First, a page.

Networking giant Cisco Systems confirmed Friday that it would reduce its workforce of 48,000 employees by up to 8000 workers.
CEO and chairman John Chambers said the cuts would include 2500 to 3000 temporary contract workers and between 3000 and 5000 regular employees. Chambers said the latter would come "through voluntary attrition, involuntary attrition and consolidation of some positions."
Cisco officials said the company anticipates the cutbacks will come with a one-time charge of $US300 million to $400 million occurring by the end of the fourth quarter.
Cisco now has 44,000 regular employees and approximately 4000 temporary workers.
"We're taking these steps because of the continuing slowdown in the US economy and initial signs of a slowdown expanding to other parts of the world," Chambers said in a statement. "We also now believe that this slowdown in capital spending could extend beyond two quarters."
A Cisco spokesperson couldn't be reached for further comment.
Last month, Chambers warned that there could be financially troublesome quarters ahead for the San Jose-based company, due in large part to the drop in spending predicted for the services provider market, where Cisco wants to gain market share.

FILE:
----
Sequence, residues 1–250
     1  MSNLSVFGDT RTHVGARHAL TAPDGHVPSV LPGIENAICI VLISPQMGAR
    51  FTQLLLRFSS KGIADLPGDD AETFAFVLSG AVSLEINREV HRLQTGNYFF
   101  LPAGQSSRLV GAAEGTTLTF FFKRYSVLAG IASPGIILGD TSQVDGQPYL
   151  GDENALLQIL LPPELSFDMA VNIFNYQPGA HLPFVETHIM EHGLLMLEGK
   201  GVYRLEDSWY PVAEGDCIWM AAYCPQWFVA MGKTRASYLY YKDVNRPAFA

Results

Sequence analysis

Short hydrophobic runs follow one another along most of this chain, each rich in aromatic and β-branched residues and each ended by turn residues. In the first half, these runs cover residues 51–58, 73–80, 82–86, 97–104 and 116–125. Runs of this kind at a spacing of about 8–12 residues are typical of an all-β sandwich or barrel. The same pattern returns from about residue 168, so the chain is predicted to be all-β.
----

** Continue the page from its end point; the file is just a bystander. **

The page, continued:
Chambers also noted last month that what he termed a recession in the US manufacturing sector could adversely affect Cisco this year. US-based manufacturing companies make up about 20 per cent of Cisco's enterprise networking business.
Stan Schatt, an analyst at Giga Information Group in the US, said there was no immediate indication that cuts would be in critical operating areas, such as optical networking, where Cisco is making a big push.
The Cisco announcement came just one day after Intel announced that the slowing economy had forced it to reduce revenue estimates for the first quarter and warned that it would cut 5000 of its 90,000 jobs during the next nine months.